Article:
Google Gives Google Foundation Update, Though Official Site Remains Mum

Google has given an
on what its Google Foundation is doing. The charitable group, promised as part
of its IPO, has been funded initially with $90 million and has already made
donations to a fund to fight global poverty, another to help small businesses in
developing countries and research to prevent child deaths by poor water quality,
among others.

Unfortunately, the Google Foundation site at
site still says it will be the "future site" as it has
since April
and lacks any helpful information, not even a link at least to the
Google Grants program that Google
itself (as opposed to the Google Foundation) manages. So Google gets some nice
buzz and headlines on how it is giving, but anyone heading over to the
foundation site itself finds nothing about applying for help. Heck, the
foundation site doesn’t even link over to the Google Blog post that has current
news about the foundation.

Google Starts Up Philanthropy Campaign
from the Washington Post covers how
another $900 million in stock is being set aside for the foundation and how
using the foundation to give will allow Google greater flexibility on what it
wants to fund.

A representative of a Google shareholders group asks if Google should be
doing this at all. Since Google said they would create and give to the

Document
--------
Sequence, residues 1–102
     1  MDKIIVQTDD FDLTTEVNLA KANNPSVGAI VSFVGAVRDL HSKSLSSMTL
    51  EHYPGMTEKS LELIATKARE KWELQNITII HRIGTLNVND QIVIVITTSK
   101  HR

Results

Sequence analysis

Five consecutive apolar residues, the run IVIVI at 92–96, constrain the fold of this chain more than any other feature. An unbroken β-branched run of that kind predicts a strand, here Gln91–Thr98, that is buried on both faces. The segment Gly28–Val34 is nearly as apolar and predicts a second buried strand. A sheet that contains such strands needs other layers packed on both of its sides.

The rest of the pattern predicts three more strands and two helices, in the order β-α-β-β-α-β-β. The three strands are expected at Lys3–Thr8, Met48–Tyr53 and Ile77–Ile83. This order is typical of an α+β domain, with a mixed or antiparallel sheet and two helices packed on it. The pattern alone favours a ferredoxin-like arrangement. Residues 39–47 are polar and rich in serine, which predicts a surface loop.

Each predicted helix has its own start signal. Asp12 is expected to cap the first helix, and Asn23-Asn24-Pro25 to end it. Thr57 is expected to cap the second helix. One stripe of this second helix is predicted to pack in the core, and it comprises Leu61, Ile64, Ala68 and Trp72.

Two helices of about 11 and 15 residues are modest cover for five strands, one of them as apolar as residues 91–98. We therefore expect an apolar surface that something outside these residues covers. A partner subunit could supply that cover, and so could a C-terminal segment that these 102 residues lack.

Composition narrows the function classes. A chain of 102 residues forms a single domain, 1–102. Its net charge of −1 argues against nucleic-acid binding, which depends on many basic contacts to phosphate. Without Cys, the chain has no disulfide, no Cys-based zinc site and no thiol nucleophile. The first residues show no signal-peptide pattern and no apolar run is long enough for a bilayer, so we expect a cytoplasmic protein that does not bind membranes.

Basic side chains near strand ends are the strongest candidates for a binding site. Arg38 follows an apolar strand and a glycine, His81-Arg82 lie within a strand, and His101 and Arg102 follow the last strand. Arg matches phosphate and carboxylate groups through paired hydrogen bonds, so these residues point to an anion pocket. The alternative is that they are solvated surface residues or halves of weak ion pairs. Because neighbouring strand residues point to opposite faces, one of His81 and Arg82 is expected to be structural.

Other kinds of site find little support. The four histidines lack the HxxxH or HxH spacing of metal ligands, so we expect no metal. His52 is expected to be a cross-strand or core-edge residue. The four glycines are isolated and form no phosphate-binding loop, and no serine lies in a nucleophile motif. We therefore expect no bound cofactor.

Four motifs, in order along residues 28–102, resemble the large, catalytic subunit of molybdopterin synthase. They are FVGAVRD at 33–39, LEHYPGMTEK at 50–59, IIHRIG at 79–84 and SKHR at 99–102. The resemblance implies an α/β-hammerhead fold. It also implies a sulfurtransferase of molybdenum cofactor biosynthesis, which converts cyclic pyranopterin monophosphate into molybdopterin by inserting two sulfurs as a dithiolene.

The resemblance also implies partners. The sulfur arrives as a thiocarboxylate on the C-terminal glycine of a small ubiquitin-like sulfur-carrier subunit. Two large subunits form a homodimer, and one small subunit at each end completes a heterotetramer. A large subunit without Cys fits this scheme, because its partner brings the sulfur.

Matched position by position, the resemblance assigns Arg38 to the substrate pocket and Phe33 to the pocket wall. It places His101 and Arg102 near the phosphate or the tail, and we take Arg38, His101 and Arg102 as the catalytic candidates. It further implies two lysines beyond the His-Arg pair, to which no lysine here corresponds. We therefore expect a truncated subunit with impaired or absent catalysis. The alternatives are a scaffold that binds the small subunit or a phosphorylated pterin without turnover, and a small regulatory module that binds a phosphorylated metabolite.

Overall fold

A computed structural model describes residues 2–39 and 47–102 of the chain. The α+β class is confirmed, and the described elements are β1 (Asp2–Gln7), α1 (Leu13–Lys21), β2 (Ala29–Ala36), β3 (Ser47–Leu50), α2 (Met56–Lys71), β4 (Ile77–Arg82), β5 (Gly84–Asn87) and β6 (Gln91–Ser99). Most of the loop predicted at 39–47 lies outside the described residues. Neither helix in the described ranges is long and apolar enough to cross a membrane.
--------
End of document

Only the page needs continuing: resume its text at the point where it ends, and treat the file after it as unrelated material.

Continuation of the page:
foundation as part of the IPO, you’d think the shareholders would have known
this before buying. The representative acknowledges this fact but still worries
about confusion between personal and corporate assets.

The rep also questions whether company founders Sergey Brin and Larry Page
should be making donations similar to how Microsoft’s Bill Gates does through
the Bill & Melinda Gates Foundation.

Yeah, I think anyone would expect multi-billionaires to be doing some
charitable giving of their own. Then again, a little perspective is in order.
Since the two have been multi-billionaires for only about a year, I’m sure we’ll
see them doing such giving over time. The Gates Foundation was started in 2000,
though it had predecessors — but I don’t know that either of those predecessors
came immediately after Gates made it big. Overall, we’ll see.

Further coverage also from the San Jose Mercury News

and the New York times
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Google Foundation News

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